One of my multiple volunteer activities involves being a member of the Association of Operations Management (APICS) Certified Supply Chain Professional (CSCP) Examination Review Committee.

For those readers not familiar with the exam, candidates have the opportunity to be tested and certified on a broad range of supply chain management competencies.  Our committee meets about two to three times per year, to review feedback and results from previous exams, and to work on revised areas for testing.  I was nominated to this committee based on my previous background in supply chain information systems which I acquired both as a noted supply chain industry analyst, as well as working at a number of very large and smaller supply chain software providers including Oracle and SAP.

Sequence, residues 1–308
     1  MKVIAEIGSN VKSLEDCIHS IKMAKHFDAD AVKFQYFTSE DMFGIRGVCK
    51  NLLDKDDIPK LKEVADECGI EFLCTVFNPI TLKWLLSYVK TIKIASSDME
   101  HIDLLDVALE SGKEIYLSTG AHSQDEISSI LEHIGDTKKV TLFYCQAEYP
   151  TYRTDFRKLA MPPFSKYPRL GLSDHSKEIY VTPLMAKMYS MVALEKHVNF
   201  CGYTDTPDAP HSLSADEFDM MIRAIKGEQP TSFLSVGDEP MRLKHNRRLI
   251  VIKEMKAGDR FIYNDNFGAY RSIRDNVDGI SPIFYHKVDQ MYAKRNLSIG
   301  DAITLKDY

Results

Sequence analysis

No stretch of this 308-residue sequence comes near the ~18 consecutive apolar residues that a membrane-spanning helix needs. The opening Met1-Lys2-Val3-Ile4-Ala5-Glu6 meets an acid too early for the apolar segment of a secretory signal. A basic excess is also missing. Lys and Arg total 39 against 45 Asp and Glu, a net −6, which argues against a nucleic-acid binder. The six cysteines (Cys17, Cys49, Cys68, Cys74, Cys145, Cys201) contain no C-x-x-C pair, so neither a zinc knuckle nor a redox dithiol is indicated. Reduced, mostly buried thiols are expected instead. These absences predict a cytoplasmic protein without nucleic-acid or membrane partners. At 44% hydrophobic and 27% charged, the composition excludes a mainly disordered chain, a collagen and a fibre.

The October meeting also brings together all of the other APICS certification exam committees, including those involving inventory, operations and production scheduling exam areas. The APICS management team brings together all of these teams once a year to communicate strategic direction, and potential new initiatives.

One of the areas I’m especially interested in is the newly released Supply Chain Manager Competency Model that was published in August.  This is a rather detailed description or guideline of broad-based skills required in mastering supply chain management, and can be downloaded from the APICS web site.  I hope to get a better understanding of this model, and will pen a future posting on my impressions of this model.

While in Chicago, I’m also planning to have dinner with my fellow blogger Jason Bush, who is the primary author of the Spend Matters blog, which is noted on this site’s Blog Roll.  Jason and I have known each other for many years, and often run into each other at various supply chain events, and discuss various supply chain trends and developments.  Whereas Jason was the first to introduce serious blogging to the supply chain world by coining the “Matters” blog tag, he has been very gracious to allow me to foster Supply Chain “Matters” moniker, to which I am grateful.

Bob Ferrari